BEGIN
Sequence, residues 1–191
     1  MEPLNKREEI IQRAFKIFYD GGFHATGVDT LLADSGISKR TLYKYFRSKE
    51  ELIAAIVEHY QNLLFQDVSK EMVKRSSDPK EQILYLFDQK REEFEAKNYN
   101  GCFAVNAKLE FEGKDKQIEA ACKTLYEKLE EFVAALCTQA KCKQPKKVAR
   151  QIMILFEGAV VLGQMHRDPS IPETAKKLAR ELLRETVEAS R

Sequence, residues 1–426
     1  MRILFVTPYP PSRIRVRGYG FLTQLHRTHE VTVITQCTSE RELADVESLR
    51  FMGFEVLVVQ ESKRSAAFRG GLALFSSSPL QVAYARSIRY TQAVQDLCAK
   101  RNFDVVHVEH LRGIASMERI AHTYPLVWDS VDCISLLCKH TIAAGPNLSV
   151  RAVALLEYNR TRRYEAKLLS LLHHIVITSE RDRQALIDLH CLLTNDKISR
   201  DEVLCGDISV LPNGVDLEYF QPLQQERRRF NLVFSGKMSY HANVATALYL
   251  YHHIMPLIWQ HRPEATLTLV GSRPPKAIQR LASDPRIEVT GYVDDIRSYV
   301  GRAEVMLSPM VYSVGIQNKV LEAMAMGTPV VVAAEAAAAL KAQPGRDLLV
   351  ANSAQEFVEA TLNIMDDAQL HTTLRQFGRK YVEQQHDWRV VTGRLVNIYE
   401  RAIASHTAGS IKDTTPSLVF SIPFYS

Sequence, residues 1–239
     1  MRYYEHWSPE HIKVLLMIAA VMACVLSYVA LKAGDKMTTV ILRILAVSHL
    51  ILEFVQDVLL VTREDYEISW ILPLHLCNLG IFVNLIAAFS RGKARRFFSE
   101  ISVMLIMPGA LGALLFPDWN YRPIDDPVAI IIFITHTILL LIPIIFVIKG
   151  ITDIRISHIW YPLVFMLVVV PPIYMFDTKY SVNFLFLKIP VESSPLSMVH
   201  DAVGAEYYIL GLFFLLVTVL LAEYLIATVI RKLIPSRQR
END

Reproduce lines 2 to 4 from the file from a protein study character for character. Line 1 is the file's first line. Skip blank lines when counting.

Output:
     1  MEPLNKREEI IQRAFKIFYD GGFHATGVDT LLADSGISKR TLYKYFRSKE
    51  ELIAAIVEHY QNLLFQDVSK EMVKRSSDPK EQILYLFDQK REEFEAKNYN
   101  GCFAVNAKLE FEGKDKQIEA ACKTLYEKLE EFVAALCTQA KCKQPKKVAR